• Unfortuantely Livan Hernandez was scheduled for his “bad” outing in his continuing Jekyll & Hyde season, and his bad was pretty bad.  He gave up 9 runs (7 earned) on 9 hits in 3 and 2/3 innings to take the loss on 8/6 (box/gamer).  The Nats bullpen didn’t help much either with each of the relievers struggling in one way or another (see notes).  Perhaps we can just skip Livan’s “bad” outings?  Or, I’ve got a better idea; we can remove him from the rotation since he’s giving the team less than a 50/50 chance of even being competitive in games right now.  Ben Goessling reported on the same topic, surmising that Livan’s rotation spot is in serious jeopardy with the team wanting to see youth in September.  One of the Nats blogs  highlighted a fantastic stat; look at Livan’s splits in his Wins versus Losses: in 6 wins he has a 1.25 era and a sub 1.00 whip.  In 11 losses? A 5.84 era and a 1.6ish whip.  His performance in 7 No-Decisions looks almost identical to his performance in losses.


  • Jordan Zimmermann should have done better against the Cubs on 8/11 (box/gamer), giving up 4 runs on 9 hits, 2 walks in 6 2/3 innings.  He looked fantastic through 6, but gave up a single and back to back homers in the 7th to blemish his line and tag him with the loss on the night.
  • Ross Detwiler continues to look like he’s destined for the bullpen, giving up 3 runs on 7 hits and 2 homers in 5 innings on 8/10 (box/gamer).   The homers were cheap (Wrigley is a major hitter’s park) but 7 hits to go with 2 walks is just too many runners for a medicore-to-bad offense to overcome.

Relievers of Note and other News

  • Here’s your Washington Bullpen in the 8/6 game: Gorzelanny (4 hits in 2+ innings), Coffey (3 runs and 3 hits while retiring just one guy), Burnett (2 inherited runners, both scored), and Rodriguez (2 hits and 2 walks in one IP).  What are the odds that any of these four guys feature in 2012?  All four of them now feature ERA+ in the mid 80s (indicating their pitching about 15% worse than the MLB average) and they seem to be getting worse as the season rolls on.  The question fans have to be thinking about is Mike Rizzo‘s ego in these deals: Coffey was a 1-yr FA and won’t be missed, but the other three guys represent the bounty we have remaining from Rizzo’s 3 major trades since arriving here.  Will Rizzo admit that these moves didn’t work out and not force bad players to continue playing?  We’ll see.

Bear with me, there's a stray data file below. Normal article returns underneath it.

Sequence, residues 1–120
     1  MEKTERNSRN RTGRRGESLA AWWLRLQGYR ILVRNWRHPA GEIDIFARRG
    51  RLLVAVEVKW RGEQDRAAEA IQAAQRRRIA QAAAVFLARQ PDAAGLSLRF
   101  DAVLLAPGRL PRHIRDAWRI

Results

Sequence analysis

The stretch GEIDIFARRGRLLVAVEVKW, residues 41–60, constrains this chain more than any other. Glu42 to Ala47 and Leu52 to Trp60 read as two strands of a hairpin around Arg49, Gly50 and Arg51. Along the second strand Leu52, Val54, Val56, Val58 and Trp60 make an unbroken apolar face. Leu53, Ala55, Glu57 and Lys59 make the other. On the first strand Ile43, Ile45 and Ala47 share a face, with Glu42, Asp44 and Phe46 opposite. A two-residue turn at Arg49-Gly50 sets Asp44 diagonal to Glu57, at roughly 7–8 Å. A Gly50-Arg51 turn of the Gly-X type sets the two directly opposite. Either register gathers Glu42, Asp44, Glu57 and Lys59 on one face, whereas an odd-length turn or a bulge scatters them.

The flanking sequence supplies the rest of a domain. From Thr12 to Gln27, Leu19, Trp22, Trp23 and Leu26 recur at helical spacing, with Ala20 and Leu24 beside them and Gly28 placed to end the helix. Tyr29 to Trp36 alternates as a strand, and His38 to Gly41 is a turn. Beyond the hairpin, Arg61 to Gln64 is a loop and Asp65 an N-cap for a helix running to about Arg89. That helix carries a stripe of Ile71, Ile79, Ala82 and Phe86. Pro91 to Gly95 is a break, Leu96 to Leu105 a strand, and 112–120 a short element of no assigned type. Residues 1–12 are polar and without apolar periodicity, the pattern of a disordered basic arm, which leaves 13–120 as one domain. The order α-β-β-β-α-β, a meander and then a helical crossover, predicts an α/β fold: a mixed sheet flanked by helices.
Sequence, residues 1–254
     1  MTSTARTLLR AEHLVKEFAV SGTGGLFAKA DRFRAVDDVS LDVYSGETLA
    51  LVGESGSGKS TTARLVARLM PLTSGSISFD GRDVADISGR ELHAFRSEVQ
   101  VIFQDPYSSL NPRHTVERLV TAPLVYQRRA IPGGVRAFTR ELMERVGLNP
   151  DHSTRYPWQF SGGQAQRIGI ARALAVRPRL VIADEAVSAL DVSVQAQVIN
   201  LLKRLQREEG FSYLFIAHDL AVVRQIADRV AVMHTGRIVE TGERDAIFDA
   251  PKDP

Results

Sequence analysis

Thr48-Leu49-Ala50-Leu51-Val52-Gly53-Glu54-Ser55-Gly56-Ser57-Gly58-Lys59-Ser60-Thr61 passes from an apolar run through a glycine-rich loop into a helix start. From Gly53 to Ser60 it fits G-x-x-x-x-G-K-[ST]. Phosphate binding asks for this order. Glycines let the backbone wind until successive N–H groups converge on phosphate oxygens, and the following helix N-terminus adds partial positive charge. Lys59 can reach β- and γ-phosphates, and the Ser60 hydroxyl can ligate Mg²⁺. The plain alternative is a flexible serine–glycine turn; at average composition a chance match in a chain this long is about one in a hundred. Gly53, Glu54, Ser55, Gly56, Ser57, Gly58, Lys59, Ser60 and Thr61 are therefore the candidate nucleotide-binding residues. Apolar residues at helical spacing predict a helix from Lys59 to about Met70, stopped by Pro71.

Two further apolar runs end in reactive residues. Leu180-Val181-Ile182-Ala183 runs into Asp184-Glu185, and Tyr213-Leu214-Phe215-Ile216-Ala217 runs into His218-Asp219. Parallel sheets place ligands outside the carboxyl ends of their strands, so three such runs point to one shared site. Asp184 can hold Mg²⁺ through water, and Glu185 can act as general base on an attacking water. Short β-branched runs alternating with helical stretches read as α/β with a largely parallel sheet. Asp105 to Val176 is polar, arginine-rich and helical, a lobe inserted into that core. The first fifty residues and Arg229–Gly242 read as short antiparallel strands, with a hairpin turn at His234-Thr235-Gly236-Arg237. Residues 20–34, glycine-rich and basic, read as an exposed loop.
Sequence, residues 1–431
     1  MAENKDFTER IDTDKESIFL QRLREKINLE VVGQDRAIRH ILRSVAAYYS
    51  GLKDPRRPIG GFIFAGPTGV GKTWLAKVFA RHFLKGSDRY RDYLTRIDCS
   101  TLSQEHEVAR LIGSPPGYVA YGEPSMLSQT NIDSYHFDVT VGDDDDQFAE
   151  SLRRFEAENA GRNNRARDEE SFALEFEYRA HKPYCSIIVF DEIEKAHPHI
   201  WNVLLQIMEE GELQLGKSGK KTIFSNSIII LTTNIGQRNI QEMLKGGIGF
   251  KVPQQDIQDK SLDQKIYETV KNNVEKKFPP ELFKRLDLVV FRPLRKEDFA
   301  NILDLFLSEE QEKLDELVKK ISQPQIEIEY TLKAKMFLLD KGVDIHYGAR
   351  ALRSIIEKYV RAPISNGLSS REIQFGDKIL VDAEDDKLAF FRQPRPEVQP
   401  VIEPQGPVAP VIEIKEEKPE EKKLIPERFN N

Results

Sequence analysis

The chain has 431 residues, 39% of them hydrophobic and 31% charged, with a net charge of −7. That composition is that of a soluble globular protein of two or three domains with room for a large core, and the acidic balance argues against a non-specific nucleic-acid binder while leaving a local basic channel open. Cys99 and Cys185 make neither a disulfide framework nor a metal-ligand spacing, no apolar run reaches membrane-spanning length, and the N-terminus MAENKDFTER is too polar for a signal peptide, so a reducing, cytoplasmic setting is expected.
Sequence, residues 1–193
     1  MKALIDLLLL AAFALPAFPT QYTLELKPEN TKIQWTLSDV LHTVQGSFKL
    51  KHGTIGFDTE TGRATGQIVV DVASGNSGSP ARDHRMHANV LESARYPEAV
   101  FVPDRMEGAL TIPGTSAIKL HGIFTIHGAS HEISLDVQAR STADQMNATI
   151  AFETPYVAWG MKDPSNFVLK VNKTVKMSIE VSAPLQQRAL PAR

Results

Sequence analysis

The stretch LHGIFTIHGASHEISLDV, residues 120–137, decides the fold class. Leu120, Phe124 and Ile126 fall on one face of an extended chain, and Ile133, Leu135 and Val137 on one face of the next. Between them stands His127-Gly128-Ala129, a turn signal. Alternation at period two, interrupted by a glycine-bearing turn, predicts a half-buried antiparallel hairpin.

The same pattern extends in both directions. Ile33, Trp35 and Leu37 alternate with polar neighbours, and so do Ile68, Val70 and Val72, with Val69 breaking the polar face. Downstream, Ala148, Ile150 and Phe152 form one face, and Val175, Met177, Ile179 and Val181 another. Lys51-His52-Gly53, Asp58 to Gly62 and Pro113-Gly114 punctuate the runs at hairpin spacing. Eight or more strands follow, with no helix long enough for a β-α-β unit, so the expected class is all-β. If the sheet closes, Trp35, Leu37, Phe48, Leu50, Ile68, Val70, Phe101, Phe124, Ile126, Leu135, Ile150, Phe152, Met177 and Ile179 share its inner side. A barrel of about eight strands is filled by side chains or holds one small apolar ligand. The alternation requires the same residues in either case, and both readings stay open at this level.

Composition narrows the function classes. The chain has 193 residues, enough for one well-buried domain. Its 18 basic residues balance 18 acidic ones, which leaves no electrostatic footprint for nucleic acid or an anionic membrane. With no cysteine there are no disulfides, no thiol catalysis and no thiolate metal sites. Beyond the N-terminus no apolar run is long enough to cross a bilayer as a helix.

• Is it just me, or was Davey Johnson‘s pitcher management in the 8/7 game just ridiculous?  Lannan sits on 6 shutout innings and is allowed to bat in the top of the 7th.  He makes a feeble ground-ball out as expected.  Lannan goes back out to the mound for the bottom of the 7th, walks a guy and is yanked.  Why was he allowed to bat then!??  Clearly Johnson already had Lannan’s replacement warming up; why not actually, you know, try to score a run instead of giving a sub .100 hitter another at-bat?  Why do you have power bats on your bench?  Then, in a textbook example of a bullpen actively *trying* to blow a game; Mattheus promptly gives up a hit (yet earn’s a “hold” for his work !?), Clippard comes in and fails to cover 1st base on a grounder to Morse (yet somehow Morse is given the error on the play !?), then gives up another hit to tie the game.  Clippard’s reward for this performance?  The victory in the game.   A frustrating game to watch as a fan, and I can’t imagine what Lannan was thinking after throwing 6 dominant innings.
  • Stephen Strasburg‘s first rehab start review: 31 pitches, 26 for strikes, throwing mostly 4-seam fastballs with the occasional curve but apparently no 2-seamers and few changeups.  The opposing hitters caught on and tagged him for a few hits (including a solo-homer), but the hits aren’t that concerning (once it became clear in the opposing dugout that they could sit fastball, it becomes considerably easier to hit a guy).  He topped out at 98, sat in 96-97 range on the fastball.  He was quoted as saying his fastball “wasn’t there yet” but that he has to “start somewhere.”  Sounds like a good start to me.  His next start has been announced: Friday August 12th in Potomac.  Potomac has to be happy about (finally) getting a major Nats prospect to play there… Here’s the story from his 2nd rehab start: all good.
  • Wang’s no-hitter effort was eventually broken up by pinch hitter Tony Campana‘s sharply hit grounder to Morse.  But before that, he attempted a bunt and missed.  Breaking the unwritten rules of baseball, you say?  Bunting to break up a no-hitter is almost always a no-no … except that Campana is clearly a guy who bunts probably every third at bat.  If its part of your game, then its fair game.